The healthcare sector offers safety and stability because the companies tend to perform well in all economic conditions.
They provide things we need in good times and bad which makes them recession-resistant, though not recession-proof.
Medical technology has had a good year as hospitals have resumed more normal schedules, but a recent selloff has centred around uncertainty about the Omicron variant.
Here are two updates.
iShares U.S. Medical Devices ETF (NYSE: IHI) Closed Dec. 7 at $63.81 (All currency figures in US dollars.)
Background: This ETF was launched in 2006 and holds US manufacturers who make and distribute medical devices. It has US $8.2 billion in assets.
Portfolio: The ETF holds 66 stocks with the top five accounting for 50% of the fund. They are Thermo Fisher Scientific (14.2%), Abbott Labs (13.1%), Danaher Corp (11%), Medtronic (7.6%) and Intuitive Surgical (4.6%).
Performance: The ETF has a total 1-year return is 16.9%. The strong performance of the top holdings explains the gains.
Thermo Fisher and Abbott Labs are both having record years, in part because they are benefitting from the testing boom associated with the pandemic. Abbott Lab’s earnings rose 69% in its latest quarter with Covid-testing sales at $1.9 billion for the quarter. Of course, this business did not exist 2 years ago.
Key metrics: The ETF has a management fee of 0.43% and modest trailing 12-month dividend yield of 0.32%. It also has a very high p/e ratio of 47.3, which means high growth expectations are built into the price. Any distributions would be subject to U.S. withholding tax.
Medtronic Inc. (NYSE: MDT) Closed Dec. 7 at $112.27 (All figures in US dollars.)
Background: Medtronic is the world’s largest medical device company with a market capitalization of $170 billion. About 60% of its sales and profits come from outside the US.
Medtronic operates in four segments. Cardiovascular management devices, including pacemakers are the largest at 40% of sales. Wound closure products and imaging devices are another 28%. Robots, implants, and surgical tools are 26%. The remaining 7% is from the diabetes group which makes insulin pumps and other consumables.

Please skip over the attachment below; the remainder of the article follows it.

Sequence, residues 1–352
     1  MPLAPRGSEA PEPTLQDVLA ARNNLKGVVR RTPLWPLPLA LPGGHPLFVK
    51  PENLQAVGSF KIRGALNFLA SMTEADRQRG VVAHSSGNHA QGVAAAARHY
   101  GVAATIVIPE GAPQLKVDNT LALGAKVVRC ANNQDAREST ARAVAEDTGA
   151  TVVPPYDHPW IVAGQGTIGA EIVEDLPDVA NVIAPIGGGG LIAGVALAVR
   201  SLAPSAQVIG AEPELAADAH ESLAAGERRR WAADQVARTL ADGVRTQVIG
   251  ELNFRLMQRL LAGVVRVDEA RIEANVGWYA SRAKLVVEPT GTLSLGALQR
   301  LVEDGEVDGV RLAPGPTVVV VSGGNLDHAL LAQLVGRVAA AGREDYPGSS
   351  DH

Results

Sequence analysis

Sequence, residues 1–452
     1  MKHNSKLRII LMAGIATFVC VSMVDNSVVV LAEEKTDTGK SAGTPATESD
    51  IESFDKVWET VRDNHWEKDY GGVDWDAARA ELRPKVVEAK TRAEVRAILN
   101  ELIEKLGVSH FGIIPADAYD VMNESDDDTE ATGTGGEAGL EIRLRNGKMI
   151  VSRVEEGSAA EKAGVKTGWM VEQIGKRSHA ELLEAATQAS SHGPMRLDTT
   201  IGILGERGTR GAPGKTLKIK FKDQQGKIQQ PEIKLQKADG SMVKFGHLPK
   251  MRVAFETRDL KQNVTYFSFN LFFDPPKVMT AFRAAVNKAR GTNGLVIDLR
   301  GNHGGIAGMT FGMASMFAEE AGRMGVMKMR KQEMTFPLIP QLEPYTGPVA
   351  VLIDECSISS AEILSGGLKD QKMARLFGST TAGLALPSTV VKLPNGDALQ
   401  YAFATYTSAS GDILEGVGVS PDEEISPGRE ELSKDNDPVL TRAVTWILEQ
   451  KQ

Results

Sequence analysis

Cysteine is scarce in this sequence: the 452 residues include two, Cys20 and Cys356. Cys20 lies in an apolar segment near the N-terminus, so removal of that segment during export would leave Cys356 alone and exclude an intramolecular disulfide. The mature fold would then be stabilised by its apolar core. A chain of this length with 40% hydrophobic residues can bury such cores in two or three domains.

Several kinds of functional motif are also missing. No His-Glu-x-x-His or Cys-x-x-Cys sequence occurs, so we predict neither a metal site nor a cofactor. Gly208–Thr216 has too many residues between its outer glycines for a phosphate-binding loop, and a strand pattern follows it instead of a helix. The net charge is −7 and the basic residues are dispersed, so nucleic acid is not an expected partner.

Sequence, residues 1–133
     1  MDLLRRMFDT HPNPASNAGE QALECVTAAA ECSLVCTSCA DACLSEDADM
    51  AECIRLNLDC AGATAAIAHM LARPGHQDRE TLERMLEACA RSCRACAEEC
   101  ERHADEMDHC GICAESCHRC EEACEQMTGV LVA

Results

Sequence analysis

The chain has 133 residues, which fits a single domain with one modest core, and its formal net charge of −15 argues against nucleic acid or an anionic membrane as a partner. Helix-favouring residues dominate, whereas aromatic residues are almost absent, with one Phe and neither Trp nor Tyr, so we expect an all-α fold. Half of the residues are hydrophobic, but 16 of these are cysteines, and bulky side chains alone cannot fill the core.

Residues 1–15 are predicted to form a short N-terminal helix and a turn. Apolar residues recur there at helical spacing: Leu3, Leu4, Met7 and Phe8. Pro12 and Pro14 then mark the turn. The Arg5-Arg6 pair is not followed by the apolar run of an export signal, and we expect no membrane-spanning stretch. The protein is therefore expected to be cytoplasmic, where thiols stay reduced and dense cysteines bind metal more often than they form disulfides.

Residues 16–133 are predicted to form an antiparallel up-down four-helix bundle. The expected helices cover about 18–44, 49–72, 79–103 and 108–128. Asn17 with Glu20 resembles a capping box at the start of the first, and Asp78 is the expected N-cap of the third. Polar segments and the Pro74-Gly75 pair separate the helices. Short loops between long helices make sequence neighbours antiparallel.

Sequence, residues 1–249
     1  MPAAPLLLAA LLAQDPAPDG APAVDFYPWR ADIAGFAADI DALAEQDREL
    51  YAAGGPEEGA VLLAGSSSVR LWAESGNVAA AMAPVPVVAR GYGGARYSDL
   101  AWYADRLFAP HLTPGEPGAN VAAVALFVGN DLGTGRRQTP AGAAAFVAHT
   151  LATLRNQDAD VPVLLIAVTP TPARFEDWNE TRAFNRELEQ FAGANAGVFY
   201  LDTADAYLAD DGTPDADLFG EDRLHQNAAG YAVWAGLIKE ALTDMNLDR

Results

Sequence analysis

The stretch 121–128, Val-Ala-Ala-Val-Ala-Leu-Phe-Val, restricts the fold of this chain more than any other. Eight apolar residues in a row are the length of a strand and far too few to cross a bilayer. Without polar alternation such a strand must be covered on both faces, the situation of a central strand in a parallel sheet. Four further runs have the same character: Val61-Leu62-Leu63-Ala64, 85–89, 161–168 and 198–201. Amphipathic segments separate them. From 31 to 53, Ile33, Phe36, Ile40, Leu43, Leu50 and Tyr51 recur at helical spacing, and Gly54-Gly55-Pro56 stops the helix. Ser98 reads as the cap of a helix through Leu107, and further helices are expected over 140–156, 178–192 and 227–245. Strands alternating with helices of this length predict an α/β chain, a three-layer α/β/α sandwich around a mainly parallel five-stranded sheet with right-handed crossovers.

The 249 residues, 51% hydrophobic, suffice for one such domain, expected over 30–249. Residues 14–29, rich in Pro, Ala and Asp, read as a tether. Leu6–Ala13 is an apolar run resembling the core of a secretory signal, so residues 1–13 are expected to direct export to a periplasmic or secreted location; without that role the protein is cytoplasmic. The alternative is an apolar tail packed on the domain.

Performance: Medtronic’s shares hit a high in late September and have sold off since. The shares are down 4.2% year-to-date and 0.30% in the latest 12 months.
Recent developments: Medtronic’s second quarter revenue of $7.8 billion was 2% higher on an organic basis but missed the consensus forecast of about $8 billion. Profit of $1.31 billion, or $0.97 per share was 260% higher, than the $490 million or $0.36 per share last year.
CEO Geoff Martha said sales were hurt by a resurgence of Covid-19 in some US markets and staffing shortages at doctors offices, hospitals and clinics. Both reduced the volume of medical procedures where Medtronic’s products are used.
Medtronic reduced its revenue guidance for the year and CFO Karen Parkhill said in a conference call she expects the pandemic to continue to affect their business in the second half of the year. Since then the arrival of Omicron virus has created more Covid-related uncertainty.
Dividend: Medtronic raised its dividend 7.4% to $0.63 per quarter with the May, its 43rd consecutive year of increase. The annual total is $2.52 for a yield of 1.9% at current prices.
Outlook: In the short term, the pandemic will slow Medtronic’s sales as procedures are delayed and hospitals target capital spending toward covid-related equipment. However, the company stands to benefit from long term trends including aging in developed economies which is increasing demand for its products.